Sputnik: How responsible is it for Bijleveld to make claims about Russia's "cyberwarfare?"
Olav ten Broek: The time when she is saying it is very interesting because the (incident) at the OPCW headquarters was already in April; she was gloating about the Dutch military intelligence's success, that they had interrupted that supposed Russian cyber-attack.
The strange thing is that NATO has a policy, in which they say that a cyber-attack is equal to a military attack. So, these are very dangerous words to say out loud in the Dutch media.
Sputnik: I was looking at your Facebook post a bit earlier which starts by "we are ruled by total idiots and Bijleveld has never outgrown kindergarten in terms of warfare." Everyone knows that the Netherlands is really not dirty from eavesdropping, hacking, spying and spreading false news; can you elaborate on what you've said?
But again, the time when they bring this story out, it's a little bit late to exercise in Norway; there are 50 thousand troops on the Russian border as well as 2,500 Dutch military participating; but this is a very dangerous thing.
Sputnik: What do you think could happen? Why is this dangerous?
Olav ten Broek: It's dangerous because it's put us on a path of a new cold war. I don't think NATO really seeks a war with Russia; they won't attack a strong country like this. They take every opportunity to virtue as much as they can.
Of course, the public opinion is that Russia is a very dangerous country which is attacking us not militarily but with cyber warfare. An average Dutch man doesn't get the slightest negative impact of that; but what is in the Dutch mind now is that is that a Minister, as the representative of the Dutch government, says that we are in a form of war with Russia. That's a new step.
Sputnik: NATO has actually for several years equated cyber-attacks with military attacks and thus an act of war, which technically would make her statement correct. But, of course, the actual declaration of such a thing also has its consequences; what are your thoughts on the consequences of saying such a thing?
Olav ten Broek: The first consequence was later on Sunday when the Minister had to say that she had misinterpreted that and that she hadn't meant a war and she wanted to say they were looking at each other.
She actually said that she hadn't said ‘war'; she'd said: "we are in cyber warfare." I think that she is on a very thin line because she can't say it. It would be the same thing as your Minister Shoygu saying on television "we are in a war with NATO" or "we are in a war with the Netherlands." He would have never said that.
Sputnik: How has the media been covering this? How has the public responded? Has there been any public outcry over these statements?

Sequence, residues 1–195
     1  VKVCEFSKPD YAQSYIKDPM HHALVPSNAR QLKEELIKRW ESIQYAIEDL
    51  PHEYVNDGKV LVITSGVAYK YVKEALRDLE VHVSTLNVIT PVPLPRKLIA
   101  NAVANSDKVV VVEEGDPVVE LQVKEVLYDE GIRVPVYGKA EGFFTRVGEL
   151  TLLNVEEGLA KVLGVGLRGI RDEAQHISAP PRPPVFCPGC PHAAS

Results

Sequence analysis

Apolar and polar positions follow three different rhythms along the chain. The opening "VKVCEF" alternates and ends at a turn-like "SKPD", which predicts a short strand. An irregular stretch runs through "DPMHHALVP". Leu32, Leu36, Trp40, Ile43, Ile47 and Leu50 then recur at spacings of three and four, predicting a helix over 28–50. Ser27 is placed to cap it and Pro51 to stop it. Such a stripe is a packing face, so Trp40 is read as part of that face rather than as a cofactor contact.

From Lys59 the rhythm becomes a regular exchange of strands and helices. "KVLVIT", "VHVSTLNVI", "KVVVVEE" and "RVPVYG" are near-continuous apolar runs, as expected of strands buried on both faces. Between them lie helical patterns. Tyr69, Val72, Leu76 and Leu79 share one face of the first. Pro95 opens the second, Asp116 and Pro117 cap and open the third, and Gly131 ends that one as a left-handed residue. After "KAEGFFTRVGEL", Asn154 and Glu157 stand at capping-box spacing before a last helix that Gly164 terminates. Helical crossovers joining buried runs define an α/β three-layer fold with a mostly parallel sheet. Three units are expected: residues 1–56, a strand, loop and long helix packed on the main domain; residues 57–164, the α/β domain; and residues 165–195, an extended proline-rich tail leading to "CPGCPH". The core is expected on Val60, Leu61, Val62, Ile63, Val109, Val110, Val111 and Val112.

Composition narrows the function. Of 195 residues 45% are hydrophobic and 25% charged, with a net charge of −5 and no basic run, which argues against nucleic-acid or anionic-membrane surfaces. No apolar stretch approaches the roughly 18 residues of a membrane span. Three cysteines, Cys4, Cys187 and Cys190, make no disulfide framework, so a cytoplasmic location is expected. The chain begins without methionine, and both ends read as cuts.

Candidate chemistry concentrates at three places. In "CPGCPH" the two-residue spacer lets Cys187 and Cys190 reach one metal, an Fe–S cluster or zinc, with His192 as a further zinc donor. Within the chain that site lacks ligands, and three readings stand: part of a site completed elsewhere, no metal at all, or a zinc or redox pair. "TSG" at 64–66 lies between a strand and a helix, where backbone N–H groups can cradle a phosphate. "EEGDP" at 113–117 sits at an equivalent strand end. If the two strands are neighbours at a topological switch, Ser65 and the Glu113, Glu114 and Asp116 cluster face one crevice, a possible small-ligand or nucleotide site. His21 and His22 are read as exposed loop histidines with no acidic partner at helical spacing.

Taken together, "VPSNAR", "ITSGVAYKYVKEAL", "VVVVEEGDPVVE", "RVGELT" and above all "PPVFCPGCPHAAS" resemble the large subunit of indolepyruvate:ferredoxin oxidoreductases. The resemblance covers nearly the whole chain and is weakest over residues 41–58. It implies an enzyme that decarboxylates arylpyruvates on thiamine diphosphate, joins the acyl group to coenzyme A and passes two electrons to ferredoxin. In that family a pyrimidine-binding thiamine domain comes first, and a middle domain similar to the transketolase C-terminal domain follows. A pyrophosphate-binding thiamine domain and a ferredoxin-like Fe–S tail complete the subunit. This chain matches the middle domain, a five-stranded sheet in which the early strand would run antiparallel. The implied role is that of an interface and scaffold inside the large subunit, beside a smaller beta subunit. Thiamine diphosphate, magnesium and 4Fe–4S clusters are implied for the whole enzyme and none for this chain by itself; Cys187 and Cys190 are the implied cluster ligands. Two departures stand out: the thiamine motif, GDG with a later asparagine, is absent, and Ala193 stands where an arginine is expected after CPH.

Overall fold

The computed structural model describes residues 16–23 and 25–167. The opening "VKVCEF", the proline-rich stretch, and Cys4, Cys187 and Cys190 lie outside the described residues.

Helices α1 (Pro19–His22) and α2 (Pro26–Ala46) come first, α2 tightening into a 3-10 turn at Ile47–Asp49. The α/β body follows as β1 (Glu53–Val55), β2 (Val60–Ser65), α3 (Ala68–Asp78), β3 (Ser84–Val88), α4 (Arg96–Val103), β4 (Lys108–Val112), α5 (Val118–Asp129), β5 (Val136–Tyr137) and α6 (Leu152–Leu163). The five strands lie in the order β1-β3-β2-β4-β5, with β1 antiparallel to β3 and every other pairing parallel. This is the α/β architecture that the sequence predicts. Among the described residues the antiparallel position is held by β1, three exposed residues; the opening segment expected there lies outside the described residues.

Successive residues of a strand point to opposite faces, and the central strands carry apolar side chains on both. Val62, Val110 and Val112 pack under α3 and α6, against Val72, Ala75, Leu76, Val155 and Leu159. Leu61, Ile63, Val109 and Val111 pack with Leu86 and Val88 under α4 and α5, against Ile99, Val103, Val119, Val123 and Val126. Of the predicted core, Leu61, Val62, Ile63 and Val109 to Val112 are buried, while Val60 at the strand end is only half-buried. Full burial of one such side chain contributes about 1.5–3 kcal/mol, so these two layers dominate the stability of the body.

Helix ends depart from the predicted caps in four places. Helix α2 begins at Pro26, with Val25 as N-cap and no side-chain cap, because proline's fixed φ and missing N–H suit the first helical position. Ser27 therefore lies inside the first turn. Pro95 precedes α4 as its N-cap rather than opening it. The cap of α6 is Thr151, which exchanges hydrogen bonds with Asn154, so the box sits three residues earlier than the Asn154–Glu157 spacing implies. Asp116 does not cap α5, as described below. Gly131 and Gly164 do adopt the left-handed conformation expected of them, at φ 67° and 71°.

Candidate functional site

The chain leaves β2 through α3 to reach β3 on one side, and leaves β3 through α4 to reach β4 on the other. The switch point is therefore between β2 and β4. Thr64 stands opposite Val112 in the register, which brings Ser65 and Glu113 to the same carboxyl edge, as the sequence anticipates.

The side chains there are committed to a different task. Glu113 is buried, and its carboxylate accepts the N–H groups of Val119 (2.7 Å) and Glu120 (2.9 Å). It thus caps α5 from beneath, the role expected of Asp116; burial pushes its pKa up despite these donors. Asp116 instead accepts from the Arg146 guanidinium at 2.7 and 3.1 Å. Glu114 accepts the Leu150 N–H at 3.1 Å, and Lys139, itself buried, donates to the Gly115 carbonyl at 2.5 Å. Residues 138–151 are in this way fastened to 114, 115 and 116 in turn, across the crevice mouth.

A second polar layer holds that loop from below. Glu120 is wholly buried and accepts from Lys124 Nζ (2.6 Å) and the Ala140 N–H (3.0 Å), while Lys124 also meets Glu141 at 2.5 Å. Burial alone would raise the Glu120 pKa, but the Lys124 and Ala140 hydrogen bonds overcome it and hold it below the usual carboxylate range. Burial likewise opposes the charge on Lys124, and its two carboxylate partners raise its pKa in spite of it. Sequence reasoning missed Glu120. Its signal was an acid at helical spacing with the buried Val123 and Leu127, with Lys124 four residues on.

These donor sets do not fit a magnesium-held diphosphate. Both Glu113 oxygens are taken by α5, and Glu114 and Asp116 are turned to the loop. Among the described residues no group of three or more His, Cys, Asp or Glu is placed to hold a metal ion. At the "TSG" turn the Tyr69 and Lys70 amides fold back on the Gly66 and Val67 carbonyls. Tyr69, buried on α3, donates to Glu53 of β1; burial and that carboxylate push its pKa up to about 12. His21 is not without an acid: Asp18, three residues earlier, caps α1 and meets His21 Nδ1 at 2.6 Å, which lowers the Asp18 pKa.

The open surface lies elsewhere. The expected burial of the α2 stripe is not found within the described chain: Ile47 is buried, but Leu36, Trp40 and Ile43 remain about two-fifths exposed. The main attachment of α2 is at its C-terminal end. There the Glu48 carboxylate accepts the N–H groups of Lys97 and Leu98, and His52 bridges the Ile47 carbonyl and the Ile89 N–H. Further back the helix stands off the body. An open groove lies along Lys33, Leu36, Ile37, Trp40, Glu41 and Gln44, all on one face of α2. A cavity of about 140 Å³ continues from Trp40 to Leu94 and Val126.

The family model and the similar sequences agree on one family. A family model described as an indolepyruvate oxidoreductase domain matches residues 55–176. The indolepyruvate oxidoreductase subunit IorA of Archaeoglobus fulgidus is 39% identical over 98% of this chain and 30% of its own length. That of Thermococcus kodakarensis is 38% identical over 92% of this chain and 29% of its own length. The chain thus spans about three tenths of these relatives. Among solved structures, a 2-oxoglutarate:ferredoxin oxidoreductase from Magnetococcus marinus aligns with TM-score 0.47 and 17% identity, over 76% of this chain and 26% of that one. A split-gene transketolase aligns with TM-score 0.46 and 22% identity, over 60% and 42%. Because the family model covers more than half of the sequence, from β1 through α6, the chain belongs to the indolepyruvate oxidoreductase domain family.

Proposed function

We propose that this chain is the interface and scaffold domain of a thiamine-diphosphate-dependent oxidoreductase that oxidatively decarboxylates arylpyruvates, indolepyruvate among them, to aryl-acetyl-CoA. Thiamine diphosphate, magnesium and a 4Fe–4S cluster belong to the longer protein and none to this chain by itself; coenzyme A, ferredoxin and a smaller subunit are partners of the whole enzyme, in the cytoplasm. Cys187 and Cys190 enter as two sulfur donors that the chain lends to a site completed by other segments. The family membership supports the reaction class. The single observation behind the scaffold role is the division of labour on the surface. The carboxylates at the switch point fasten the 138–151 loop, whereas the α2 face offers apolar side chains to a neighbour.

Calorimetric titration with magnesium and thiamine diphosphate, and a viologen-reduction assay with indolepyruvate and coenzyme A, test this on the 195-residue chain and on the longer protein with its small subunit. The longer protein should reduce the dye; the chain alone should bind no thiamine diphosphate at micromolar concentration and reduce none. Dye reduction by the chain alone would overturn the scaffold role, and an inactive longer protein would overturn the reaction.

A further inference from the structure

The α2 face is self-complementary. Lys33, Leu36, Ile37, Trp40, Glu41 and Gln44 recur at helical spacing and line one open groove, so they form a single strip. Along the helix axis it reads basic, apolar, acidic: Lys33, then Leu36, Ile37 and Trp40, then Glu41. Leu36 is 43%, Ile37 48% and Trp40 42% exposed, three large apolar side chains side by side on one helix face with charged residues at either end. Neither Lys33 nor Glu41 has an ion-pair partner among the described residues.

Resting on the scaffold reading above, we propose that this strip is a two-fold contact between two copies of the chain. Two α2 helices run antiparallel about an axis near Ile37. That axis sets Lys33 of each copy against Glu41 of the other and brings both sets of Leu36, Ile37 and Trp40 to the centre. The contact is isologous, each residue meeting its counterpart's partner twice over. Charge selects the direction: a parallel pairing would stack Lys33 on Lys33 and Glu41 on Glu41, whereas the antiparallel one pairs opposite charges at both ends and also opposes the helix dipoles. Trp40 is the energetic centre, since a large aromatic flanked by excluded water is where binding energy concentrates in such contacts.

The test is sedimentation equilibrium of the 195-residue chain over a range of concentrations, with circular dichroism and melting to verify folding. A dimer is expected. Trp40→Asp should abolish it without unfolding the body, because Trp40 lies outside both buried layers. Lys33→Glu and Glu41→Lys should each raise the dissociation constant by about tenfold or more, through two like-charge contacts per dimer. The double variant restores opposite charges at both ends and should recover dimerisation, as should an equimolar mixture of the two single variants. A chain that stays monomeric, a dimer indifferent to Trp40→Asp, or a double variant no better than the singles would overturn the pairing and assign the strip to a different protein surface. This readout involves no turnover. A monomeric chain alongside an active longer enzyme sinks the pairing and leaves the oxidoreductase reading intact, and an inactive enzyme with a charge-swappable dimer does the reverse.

Olav ten Broek: There is some public outcry. If you look at Twitter or Facebook, there is a public outcry and it's mad about the minister saying such things. But the media in the Netherlands are in general very negative about everything that is Russian, so they won't attack the minister. But there is certainly some form of a public outcry.
Sputnik: There has been quite a bit of media smearing of Russia's reputation; what can you say about the overall situation in the Netherlands? Do the citizens, generally speaking, have a worse view of Russia than they did a while ago? Is there generally a feeling that Russia is a major threat among the citizens of the Netherlands?
Frankly speaking, I haven't seen anything positive about Russia on the Dutch media in the last 10 years. To give you an example, our 8 o'clock news made a program from Asbest which is a town in Russia where they still produce asbestos.
There are a dozen countries in the world that produce asbestos but they brought it to the Dutch people as Russia is endangering the world with asbestos. It's unbelievable. It took them five minutes to explain everything and say that "Russia is exporting asbestos, it's dangerous and they keep doing it." It's crazy.
Sputnik: Overall, what do you think is going to be the end result of this commentary? Do you think she has already taken some steps to go back or to backpedal on it?
Olav ten Broek: These kinds of things happen every week, these kinds of negative reports about Russia and also the declarations of war which wasn't, according to the Minister. It will be forgotten but the general idea will maintain and that's the danger of it because every week or every two weeks they say something very dangerous about the situation between the NATO countries and Russia. And that's what stays in people's minds. In general, they think that Russia is, indeed, a very big danger.
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